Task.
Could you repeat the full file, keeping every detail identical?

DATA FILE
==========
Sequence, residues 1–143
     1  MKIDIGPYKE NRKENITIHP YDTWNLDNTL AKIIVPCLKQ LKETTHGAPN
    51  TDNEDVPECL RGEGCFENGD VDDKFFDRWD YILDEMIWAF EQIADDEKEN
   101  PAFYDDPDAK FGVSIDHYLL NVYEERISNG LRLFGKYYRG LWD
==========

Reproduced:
Sequence, residues 1–143
     1  MKIDIGPYKE NRKENITIHP YDTWNLDNTL AKIIVPCLKQ LKETTHGAPN
    51  TDNEDVPECL RGEGCFENGD VDDKFFDRWD YILDEMIWAF EQIADDEKEN
   101  PAFYDDPDAK FGVSIDHYLL NVYEERISNG LRLFGKYYRG LWD